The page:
Fast forward to 2010, though, and the climate change bill that’s moving from Congress to the Senate is far removed from Obama’s system, with a whopping 85% of credits being allocated by Congress and only 15% to be auctioned. This doesn’t just defeat the purpose of a cap-and-trade system, but is actually worse than no bill at all. By giving congressmen the power to allocate hundreds of billions of dollars worth of credits, the bill would create a volume of pork that even the most cynical of Washington-watchers would never have thought possible. The system would be a goldmine for lobbyists, and the credits would end up mainly in the hands of the most highly polluting industries, leaving lower-polluting companies to buy them via auction, and ironically shouldering the higher costs.

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The Ethics and Economics of Inheritance Tax

In the run up to the budget, with Ireland digging itself into more than €400,000,000 of extra debt every week, it’s unsurprising that there’s a lot of disagreement on how to bridge the gap between tax revenue and government spending. Some favour huge tax hikes, some want massive spending cuts, some are looking for both, and there are even a few who don’t want to have to deal with either, and hope that the whole thing will just sort itself out somehow. While I would more usually align myself on the side of spending cuts, there are a few avenues open for the government to increase tax revenue without pushing the economy further into recession, and I believe these should be fully exploited. In particular, there’s one form of tax of which there has been barely a whisper of discussion on of late, and that’s inheritance tax.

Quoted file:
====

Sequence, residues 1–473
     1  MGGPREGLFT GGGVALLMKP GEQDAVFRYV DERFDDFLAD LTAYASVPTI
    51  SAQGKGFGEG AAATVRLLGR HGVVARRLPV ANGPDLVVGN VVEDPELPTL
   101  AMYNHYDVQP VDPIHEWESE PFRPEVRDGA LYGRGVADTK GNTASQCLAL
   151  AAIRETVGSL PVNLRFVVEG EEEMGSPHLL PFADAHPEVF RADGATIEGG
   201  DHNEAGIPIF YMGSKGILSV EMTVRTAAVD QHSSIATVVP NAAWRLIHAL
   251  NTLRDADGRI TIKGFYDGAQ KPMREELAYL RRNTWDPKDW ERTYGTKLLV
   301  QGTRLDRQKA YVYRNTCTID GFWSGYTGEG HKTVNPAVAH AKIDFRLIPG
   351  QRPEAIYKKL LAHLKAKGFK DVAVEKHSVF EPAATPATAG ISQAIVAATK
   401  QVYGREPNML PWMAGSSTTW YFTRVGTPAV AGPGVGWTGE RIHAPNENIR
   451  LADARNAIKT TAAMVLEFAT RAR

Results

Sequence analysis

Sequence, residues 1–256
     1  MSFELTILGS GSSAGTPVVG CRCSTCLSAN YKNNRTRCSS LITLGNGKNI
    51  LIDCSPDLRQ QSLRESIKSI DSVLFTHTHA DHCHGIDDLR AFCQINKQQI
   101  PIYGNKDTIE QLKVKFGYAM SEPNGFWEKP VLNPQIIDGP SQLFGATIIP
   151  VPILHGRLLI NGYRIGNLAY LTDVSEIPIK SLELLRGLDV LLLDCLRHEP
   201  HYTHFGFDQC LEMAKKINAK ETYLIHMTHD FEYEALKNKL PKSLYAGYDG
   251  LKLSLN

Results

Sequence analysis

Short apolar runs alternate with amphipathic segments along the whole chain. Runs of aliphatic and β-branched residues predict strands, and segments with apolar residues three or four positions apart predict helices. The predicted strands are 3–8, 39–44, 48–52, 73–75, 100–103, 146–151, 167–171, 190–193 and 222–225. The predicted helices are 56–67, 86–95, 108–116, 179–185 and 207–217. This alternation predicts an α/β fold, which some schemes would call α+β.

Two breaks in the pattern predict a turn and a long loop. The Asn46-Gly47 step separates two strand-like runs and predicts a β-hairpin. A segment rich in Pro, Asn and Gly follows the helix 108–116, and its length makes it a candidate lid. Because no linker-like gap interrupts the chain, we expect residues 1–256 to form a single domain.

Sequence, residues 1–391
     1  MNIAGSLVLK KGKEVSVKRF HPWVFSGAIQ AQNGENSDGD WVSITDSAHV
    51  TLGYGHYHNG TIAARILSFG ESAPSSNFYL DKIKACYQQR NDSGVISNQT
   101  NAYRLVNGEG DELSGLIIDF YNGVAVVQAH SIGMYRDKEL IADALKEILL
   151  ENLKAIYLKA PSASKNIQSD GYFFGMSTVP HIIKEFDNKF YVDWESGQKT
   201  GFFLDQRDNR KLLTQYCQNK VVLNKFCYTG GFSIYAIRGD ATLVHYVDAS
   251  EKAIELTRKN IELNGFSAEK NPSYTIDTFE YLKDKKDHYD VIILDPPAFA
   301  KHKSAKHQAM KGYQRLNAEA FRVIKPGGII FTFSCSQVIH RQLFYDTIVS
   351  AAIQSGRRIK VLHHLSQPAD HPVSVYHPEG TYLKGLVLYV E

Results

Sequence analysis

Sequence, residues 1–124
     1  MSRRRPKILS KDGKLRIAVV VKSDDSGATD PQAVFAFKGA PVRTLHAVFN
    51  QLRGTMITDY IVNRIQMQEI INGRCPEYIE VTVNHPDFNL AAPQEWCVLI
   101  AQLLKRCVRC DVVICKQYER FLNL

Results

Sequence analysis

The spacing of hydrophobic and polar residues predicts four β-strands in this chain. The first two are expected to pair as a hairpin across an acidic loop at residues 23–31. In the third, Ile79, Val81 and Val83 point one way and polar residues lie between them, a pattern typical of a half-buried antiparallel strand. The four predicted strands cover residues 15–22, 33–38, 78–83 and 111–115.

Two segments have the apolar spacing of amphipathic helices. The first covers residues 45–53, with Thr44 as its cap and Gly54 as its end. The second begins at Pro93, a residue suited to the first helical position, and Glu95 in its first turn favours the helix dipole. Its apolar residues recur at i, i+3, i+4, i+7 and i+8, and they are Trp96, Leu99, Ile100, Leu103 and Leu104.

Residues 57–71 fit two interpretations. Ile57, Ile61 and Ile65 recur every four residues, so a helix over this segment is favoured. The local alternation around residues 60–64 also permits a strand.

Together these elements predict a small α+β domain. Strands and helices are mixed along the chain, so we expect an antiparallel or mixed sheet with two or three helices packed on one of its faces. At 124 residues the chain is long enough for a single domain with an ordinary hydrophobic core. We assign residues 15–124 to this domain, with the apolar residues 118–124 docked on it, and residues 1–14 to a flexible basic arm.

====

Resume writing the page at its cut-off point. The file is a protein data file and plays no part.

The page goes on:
In Ireland, tax on inheritances comes in the form of the Capital Acquisitions Tax (CAT). This tax, which also covers gifts, was increased from a nominal rate of 20% to 22% in the April budget, but due to a range of exemptions and reductions that cover pretty much anything anyone would ever be likely to inherit, the actual effective rate will top out at 2% even on the largest inheritances, and in the vast majority of cases will be zero.

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An Economic Miracle Cure? The Case For A Negative Income Tax In Ireland

Ireland is in the middle of what can only be described as a complete economic meltdown, with a recession to the tune of 8% of GDP, unemployment reaching into double digits, and a catastrophic decay in the public finances. Attempts to deal with these problems have unfortunately been limited to tinkering around the edges with marginal changes in the tax rates and limited cuts in public expenditure. The recent mini-budget has continued with this approach, and there have been very few proposals that have gone much further than creative accountancy when it comes to the budget, and little more than platitudes regarding a reduction in the unemployment rate, let alone anything that seriously addresses the collapse in GDP.

There is, however, a little known miracle cure that could do the trick for the Irish economy. It’s a relatively simple idea that could create 300,000 jobs, save the Government €2 billion, bring down the cost of living, dramatically increase Irish competitiveness and turn the corner towards economic growth. Sounds too good to be true? Perhaps it is, because nobody’s ever actually tried it.